Making the Office Accessible for Employees With Disabilities

a woman in a wheelchair working in the office

In recent years, there has been a shift in how businesses view and accommodate employees with disabilities. Where once employees with disabilities were seen as unable to contribute or as liabilities, they are now being recognized as an untapped source of talent and productivity. In fact, according to the U.S. Bureau of Labor Statistics, the employment rate for people with disabilities was 63.7% in 2021. This change in attitude is due in part to the Americans with Disabilities Act (ADA), which was passed in 1990 and prohibited discrimination against people with disabilities in all areas of public life, including employment, education, transportation, and healthcare.

While the ADA has made tremendous progress in leveling the playing field for employees with disabilities, more can be done to make workplaces more accessible. Here are some tips for making your office more accessible to employees with disabilities:

Review your office layout.

Is your office laid out in a way that is conducive to employees with mobility impairments? If not, consider making some changes. For example, you could create wider paths between furniture and walls so that employees who use wheelchairs or other mobility devices can move around more easily. You could also move essential items like printers and copiers to locations that are easier for employees with disabilities to reach.

These are just a few ideas; the best way to determine what changes need to be made is to ask employees with disabilities for their input. For instance, you could send out a survey or hold focus groups.

Regardless of how you collect feedback, it’s important to act on it. Making even small changes can greatly impact employees with disabilities and make them feel more included in the workplace.

Invest in ergonomic furniture and equipment.

Employees with injuries or chronic conditions that cause pain often find relief using ergonomic furniture and equipment. These are designed to minimize strain on the body and help prevent injuries. Ergonomic equipment includes items like computer monitors that can be adjusted to the user’s height and keyboards with built-in wrist rest.

In addition, you should ensure that all of your office’s furniture, from chairs to desks to couches, is comfortable and supportive. This is especially important for employees who spend long hours sitting at a desk.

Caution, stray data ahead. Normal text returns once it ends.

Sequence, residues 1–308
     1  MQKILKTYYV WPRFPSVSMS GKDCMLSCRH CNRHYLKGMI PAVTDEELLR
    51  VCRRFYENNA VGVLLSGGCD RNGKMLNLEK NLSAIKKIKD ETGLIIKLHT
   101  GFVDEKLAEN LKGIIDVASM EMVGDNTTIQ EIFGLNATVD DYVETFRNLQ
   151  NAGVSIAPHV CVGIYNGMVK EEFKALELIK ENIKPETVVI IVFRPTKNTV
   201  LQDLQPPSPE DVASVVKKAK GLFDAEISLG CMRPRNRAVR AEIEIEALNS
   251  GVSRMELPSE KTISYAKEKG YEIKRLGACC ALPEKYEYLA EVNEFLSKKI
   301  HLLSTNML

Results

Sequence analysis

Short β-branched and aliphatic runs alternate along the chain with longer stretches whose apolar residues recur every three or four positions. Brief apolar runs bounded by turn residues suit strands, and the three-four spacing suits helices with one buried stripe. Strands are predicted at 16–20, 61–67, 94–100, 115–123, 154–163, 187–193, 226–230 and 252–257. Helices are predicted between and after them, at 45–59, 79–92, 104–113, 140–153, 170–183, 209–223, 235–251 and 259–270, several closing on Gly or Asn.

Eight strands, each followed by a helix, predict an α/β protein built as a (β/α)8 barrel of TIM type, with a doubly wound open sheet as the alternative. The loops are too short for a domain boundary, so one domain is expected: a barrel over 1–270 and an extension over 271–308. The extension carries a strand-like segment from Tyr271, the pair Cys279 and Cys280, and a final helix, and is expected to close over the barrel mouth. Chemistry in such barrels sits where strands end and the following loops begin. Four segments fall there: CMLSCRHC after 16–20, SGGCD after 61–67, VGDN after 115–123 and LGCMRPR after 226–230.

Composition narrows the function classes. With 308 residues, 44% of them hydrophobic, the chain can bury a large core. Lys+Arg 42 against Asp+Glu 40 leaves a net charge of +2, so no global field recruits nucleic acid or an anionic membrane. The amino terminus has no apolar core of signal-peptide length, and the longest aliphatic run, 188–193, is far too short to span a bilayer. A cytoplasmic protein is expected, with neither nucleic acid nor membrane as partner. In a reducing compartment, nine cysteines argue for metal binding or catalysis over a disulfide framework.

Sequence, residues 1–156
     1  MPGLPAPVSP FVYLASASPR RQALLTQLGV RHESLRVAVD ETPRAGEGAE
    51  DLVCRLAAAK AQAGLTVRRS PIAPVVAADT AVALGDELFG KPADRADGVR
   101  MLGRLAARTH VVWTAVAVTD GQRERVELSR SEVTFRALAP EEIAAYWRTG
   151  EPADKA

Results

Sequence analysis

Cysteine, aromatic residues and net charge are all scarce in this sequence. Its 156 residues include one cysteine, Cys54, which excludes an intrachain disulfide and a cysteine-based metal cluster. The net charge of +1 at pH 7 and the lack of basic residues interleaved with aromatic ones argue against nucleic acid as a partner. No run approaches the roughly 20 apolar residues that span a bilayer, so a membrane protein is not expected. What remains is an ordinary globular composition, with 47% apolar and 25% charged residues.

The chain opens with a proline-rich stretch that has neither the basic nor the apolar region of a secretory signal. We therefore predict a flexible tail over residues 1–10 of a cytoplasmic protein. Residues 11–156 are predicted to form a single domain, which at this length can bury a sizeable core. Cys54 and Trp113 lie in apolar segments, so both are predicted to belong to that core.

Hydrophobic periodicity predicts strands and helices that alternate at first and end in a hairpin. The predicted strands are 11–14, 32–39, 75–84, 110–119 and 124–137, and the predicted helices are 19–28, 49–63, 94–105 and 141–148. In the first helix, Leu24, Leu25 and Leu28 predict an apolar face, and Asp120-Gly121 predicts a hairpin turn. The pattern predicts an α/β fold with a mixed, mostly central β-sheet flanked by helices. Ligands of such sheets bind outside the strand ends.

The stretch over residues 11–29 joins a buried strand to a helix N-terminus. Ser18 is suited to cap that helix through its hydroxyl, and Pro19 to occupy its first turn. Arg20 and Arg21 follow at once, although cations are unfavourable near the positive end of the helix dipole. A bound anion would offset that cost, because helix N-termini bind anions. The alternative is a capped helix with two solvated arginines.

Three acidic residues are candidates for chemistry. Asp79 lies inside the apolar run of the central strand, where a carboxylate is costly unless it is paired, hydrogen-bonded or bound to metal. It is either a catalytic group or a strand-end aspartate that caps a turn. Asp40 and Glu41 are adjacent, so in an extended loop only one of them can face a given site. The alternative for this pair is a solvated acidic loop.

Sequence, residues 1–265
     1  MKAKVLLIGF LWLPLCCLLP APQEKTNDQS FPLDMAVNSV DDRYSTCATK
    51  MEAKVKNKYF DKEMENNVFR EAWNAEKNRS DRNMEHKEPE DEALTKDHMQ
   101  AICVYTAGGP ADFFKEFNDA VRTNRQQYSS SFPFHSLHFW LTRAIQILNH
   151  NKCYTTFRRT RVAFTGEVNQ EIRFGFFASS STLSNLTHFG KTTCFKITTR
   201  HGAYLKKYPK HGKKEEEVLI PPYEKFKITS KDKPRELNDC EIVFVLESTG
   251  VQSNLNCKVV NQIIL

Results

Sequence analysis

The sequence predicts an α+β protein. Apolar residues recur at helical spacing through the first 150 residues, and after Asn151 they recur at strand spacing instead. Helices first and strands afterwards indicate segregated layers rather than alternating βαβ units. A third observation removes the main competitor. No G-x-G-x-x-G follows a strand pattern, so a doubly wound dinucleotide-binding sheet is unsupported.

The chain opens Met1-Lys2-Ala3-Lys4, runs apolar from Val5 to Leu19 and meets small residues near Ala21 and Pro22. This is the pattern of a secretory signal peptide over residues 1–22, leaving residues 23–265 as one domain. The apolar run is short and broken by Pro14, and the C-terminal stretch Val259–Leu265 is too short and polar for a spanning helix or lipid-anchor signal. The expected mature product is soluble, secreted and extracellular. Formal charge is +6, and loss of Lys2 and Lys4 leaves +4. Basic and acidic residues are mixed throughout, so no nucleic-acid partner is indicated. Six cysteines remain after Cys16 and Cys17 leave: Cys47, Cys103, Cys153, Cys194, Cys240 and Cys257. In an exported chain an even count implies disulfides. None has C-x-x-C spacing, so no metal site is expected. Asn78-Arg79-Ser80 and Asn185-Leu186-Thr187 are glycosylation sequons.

If you’re unsure what furniture and equipment would be best for your office, you can consult an ergonomics expert. They will be able to assess your office and make recommendations based on your specific needs.

a black ergonomic office chair

Make sure your IT infrastructure is up to date.

Technology has come a long way in recent years, and many assistive technologies are available to help employees with disabilities perform their jobs more effectively. For example, screen-reading software can convert text into audio so that employees who are blind or have low vision can access information more easily.

Speech-recognition software can also be used to directly dictate emails and other documents into a computer so that employees who have difficulty typing can get their work done more efficiently. In fact, there is now intuitive software for hard-of-hearing individuals that can make it easier for them to participate in conference calls and other meetings.

If your office’s IT infrastructure is outdated, it’s time to make some upgrades. Not only will this help employees with disabilities, but it will also improve the efficiency of your entire office.

Implement flexible work policies.

Many businesses are now offering flexible work arrangements such as telecommuting and flex time in order to accommodate employees with disabilities. Telecommuting allows employees who have difficulty traveling to work remotely from home or another location of their choice.

Flex time allows employees to adjust their start and end times to better manage their disability-related needs, such as doctor’s appointments or therapies.

If you don’t already have flexible work policies in place, now is the time to implement them. Not only will this make your office more accessible for employees with disabilities, but it will also improve morale and productivity.

Educate your staff about interacting with employees with disabilities.

It’s important that all staff members know how to interact respectfully with colleagues with disabilities. Employees with disabilities should feel comfortable discussing their needs without fear of judgment or discrimination.

Providing training on interacting with colleagues who have disabilities can help create a more welcoming and supportive environment for everyone in the office. For example, your staff can learn about the different types of disabilities and how to best communicate with individuals who have them.

In addition, it’s important to educate your staff about the various accommodations that are available to employees with disabilities. This way, they can be prepared to offer assistance when needed.

Making small changes in your workplace can go a long way toward making it more accessible for employees with disabilities. By following these tips, you’ll be on your way to improving recruitment and retention rates at your company. After all, when everyone feels welcome and included, everybody wins!

About the Author

Scroll to Top